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Five ways to save money this winter

Five ways to save money this winter

As the mercury drops many Australians are bunking down, cranking up the dial on heating systems and unintentionally sending bills soaring. But there are a few clever ways to cut costs of keeping cosy and potentially add value to your home.

Don’t let heat escape unnecessarily

To stop heat escaping from your house – and make heating more efficient – insulate ceilings and walls, shut windows and doors, seal under doors and keep all doors closed to unused areas. Roof insulation can save you up to 45 percent on your heating and cooling costs. External wall insulation and even installing high insulating windows will further increase energy savings.

Drawing curtains and blinds at night, and allowing sunlight in during the day, can also help to trap warmth.

If you have ceiling fans, adjust the blade rotation to push the rising warm air back down to where you need it. Even if your ceiling fans can’t be reversed, they can still help to mix the air.

You should also learn to love your socks and add layers not just to your body but by putting down non-slip rugs on timber or tiled floors.

Check appliances

Any appliance with a flashing light will be costing you money to run. If it’s switched to stand-by mode, it may still be costing you more than you think. Origin Energy says the average Australian household spends around $180 each year on standby power, which is wasting over $1 billion each year overall.

The best thing you can do to help reduce this amount is to always switch appliances off at the wall. There are lots of other ways to reduce your energy bills even further with very little effort, so you’ll be able to stash the extra cash into your savings account and reap the rewards.

Lower the thermostat

Set your thermostat cooler in winter and warmer in summer to save costs. According to Origin, the optimal temperature for winter is 18°C – 20°C degrees. You likely won’t notice a huge difference if you turn it down just a few degrees, a move that can shave 5 percent to 10 percent off your heating bill. It’s especially wise to turn down the heat whenever you leave your home for several hours.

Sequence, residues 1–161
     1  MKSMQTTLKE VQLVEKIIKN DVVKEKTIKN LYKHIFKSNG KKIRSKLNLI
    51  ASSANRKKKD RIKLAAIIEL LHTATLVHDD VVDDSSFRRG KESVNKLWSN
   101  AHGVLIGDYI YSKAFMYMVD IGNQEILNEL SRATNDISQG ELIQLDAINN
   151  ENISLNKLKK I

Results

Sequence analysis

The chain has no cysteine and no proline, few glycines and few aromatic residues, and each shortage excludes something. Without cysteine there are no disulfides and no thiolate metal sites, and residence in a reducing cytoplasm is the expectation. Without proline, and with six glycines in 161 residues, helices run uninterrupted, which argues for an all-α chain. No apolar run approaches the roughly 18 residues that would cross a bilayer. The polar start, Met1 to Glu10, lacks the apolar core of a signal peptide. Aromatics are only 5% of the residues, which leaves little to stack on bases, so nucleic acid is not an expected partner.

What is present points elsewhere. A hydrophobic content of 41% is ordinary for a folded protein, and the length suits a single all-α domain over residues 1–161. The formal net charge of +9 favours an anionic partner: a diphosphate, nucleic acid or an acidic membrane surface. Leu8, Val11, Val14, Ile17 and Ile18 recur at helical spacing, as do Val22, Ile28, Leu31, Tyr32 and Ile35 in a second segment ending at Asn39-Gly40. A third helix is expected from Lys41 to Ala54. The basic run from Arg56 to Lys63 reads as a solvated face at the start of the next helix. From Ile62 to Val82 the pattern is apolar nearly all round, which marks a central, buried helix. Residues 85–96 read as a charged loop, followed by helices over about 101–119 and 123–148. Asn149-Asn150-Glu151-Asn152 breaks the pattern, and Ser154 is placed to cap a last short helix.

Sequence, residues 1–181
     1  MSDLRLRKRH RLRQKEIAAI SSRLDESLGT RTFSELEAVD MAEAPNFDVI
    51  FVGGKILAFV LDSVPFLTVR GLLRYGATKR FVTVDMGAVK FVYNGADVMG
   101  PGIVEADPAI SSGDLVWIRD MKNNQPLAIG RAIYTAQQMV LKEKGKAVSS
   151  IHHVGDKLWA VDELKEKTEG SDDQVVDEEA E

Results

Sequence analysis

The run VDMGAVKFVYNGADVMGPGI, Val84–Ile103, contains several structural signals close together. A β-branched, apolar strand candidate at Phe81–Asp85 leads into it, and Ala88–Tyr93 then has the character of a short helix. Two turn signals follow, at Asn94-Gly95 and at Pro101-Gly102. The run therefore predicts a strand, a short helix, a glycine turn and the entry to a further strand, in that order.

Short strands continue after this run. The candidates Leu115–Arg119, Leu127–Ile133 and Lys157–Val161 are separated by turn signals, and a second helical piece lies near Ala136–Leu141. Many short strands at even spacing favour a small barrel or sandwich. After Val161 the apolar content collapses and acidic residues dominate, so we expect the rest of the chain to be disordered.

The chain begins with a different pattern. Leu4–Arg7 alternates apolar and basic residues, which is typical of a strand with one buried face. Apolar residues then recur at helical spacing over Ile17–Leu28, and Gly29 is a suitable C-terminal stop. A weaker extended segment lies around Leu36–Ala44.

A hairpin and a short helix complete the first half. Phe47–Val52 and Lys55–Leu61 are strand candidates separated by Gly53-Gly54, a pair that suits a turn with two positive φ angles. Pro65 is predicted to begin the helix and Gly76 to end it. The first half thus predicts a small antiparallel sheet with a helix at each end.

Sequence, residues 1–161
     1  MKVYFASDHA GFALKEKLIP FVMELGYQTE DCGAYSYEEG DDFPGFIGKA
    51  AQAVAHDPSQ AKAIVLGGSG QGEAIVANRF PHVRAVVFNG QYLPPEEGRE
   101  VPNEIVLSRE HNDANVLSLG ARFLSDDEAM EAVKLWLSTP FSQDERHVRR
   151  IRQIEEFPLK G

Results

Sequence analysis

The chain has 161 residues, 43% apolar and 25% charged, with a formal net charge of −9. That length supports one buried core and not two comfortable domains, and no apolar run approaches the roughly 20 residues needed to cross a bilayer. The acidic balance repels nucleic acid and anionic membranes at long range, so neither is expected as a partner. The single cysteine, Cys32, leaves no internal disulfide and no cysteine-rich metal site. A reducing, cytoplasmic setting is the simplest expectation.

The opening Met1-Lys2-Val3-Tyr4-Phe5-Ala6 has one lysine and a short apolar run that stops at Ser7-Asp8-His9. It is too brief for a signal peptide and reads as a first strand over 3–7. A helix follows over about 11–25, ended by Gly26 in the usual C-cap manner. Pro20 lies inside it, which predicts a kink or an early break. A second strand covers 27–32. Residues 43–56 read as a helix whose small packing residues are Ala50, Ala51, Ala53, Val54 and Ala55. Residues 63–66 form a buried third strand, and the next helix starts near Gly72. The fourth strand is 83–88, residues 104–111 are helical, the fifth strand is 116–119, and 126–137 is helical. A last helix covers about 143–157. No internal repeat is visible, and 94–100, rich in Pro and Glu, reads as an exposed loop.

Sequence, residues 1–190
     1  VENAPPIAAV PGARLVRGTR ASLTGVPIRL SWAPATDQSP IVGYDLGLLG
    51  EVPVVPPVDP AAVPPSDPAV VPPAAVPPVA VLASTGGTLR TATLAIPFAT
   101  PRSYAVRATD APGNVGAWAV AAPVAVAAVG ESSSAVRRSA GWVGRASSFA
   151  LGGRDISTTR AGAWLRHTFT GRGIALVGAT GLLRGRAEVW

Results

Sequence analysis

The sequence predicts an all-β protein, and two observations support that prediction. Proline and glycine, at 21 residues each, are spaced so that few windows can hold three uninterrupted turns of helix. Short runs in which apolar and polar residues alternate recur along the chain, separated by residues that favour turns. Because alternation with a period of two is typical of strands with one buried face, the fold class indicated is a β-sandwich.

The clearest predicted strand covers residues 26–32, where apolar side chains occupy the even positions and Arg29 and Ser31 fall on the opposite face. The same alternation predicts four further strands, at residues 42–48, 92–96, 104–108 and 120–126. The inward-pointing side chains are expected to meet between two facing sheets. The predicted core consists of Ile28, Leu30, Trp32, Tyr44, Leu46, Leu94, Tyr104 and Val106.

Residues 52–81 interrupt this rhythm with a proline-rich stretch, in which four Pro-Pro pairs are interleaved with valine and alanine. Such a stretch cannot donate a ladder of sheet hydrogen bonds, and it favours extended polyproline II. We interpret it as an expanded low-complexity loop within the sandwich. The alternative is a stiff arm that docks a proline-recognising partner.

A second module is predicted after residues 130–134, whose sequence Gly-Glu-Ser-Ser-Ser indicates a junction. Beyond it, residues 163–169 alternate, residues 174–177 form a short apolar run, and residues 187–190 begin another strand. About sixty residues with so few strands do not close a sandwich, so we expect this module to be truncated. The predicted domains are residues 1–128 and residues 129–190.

When it comes to choosing the best heater, Origin recommends minimising your use of portable electric heaters – they consume 2.4kW per heater which potentially will add hundreds of dollars to your winter electricity bill. Oil-filled heaters are well suited for bedrooms, because they have low surface temperatures and enclosed elements.

Tap heat that’s there already

There are plenty of activities you do around the house that generate warmth, such as cooking a meal or taking a shower. When you shower, keep the bathroom door open so steam spreads to other rooms, and don’t turn a ventilation fan on; it will rapidly remove the warm air you’re hoping to keep around.

Think beyond the house and to the home loan

While the above tips could potentially shave a few hundred dollars off your utility bills this year, homeowners could find more significant savings by looking beyond their homes and to their home loans this winter.

With interest rates at record lows and freeing up some money in the household budget, many Australians are adding extra repayments to their mortgages. RateCity shows that adding just $50 extra per month to the typical $300,000 home loan could potentially save borrowers $36,000 and see them pay off their loan more than 2 years early. To see how much you could save by adding to your loan, or by refinancing into a lower rate mortgage, use a home loan calculator such as the one at RateCity.

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